On a boat ride near the Everglades this past January, again, the dark waters opened up and dolphins jumped out, playing and diving in the wake of our boat, causing all the human riders pure joy and unadulterated reverence. I call this a theophany, literally translated as “appearance of God,” a divine revelation. All that life, that intelligence, revealing itself to us when all we saw seconds earlier was placid blue.
I walk my dog in a backyard that seems very much the same in the evening as it did that morning, but his nose, superior by far to mine, knows otherwise. Where I see nothing happening in our tiny corner of creation, he smells universes of activity, change, growth, and decay. From his perspective out there, humans are not front page news. Earth was given as a garden for him, too, and for the dolphins and the seals, and also for the enormous crocodiles I also saw sunning themselves in the Everglades, and the waterbug the size of my hand who sucks the life out of frogs in a pond. Earth was given as a garden for the praying mantis and the cockroach, and the tarantula, and even the stingray whose barb knocked into Steve Irwin and killed him. Mother Nature commands our reverence, but she’s not always cute and fuzzy. We will have gained a great deal of wisdom, I think, when we expand our consciousness of stewardship of the Earth to those aspects of it that are not pleasing to the eye or the ear, that are not meant for human comfort, speed or convenience, and whose purpose we have yet to determine in the grand scheme of things. There is good evidence that creation is its own grand scheme.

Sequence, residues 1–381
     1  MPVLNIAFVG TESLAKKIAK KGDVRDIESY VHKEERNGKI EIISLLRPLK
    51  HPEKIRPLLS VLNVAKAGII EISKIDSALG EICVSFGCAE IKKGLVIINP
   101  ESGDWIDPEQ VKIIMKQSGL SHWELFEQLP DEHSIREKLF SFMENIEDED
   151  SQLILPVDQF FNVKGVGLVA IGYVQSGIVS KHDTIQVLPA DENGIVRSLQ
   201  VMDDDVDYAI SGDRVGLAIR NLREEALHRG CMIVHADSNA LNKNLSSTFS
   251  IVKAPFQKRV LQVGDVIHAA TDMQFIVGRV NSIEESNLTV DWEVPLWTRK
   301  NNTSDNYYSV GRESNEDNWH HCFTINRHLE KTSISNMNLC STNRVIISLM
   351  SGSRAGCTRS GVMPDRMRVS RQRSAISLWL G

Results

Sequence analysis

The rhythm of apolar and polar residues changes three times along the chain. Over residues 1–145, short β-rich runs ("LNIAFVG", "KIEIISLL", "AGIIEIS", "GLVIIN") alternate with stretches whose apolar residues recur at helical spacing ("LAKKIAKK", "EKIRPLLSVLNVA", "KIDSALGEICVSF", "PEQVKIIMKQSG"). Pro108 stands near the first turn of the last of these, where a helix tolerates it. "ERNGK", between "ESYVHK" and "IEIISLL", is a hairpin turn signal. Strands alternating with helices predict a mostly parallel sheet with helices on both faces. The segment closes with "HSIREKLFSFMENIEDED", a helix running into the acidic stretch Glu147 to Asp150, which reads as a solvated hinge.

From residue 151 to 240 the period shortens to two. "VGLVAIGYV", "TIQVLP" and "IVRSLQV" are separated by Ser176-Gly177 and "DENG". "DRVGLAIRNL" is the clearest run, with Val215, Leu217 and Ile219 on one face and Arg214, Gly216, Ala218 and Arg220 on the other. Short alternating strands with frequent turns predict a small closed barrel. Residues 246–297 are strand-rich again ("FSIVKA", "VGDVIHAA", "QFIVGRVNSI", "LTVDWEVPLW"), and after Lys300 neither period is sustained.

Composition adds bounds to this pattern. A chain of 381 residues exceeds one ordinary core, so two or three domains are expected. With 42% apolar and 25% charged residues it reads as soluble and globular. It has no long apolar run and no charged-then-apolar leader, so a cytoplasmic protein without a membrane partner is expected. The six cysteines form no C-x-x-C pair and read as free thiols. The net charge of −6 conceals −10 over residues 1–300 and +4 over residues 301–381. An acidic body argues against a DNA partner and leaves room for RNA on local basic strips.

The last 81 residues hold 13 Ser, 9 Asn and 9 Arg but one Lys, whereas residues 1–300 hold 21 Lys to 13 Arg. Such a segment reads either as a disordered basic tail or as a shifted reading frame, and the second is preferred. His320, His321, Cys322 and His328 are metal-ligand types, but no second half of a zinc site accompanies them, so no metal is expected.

The Seventh Principle is often interpreted to be specifically and exclusively about environmentalism. And there’s nothing wrong with that per se: after all, we are living in a time of urgent awareness of climate change and other ecological crises. I think the challenge in thinking about the 7th Principle for me comes down to the difference between righteousness and self-righteousness, my cause vs. your cause, this people’s particular way of depleting the Earth vs. that people’s way of doing so. All sentient beings are connected through this magnificent web, not just the ones I personally like. Can I, an American who consumes so much fossil fuel, judge and condemn the desperate African man who illegally hunts gorillas and slaughters them for bush meat? Can I, the woman whose toxic hair dye goes down the drain at the hair salon every 8 or 9 weeks and who undoubtedly wears clothing manufactured in sweat shops, afford to consider myself morally superior to the men and women cutting their way through the rain forest because it’s the only job they can get?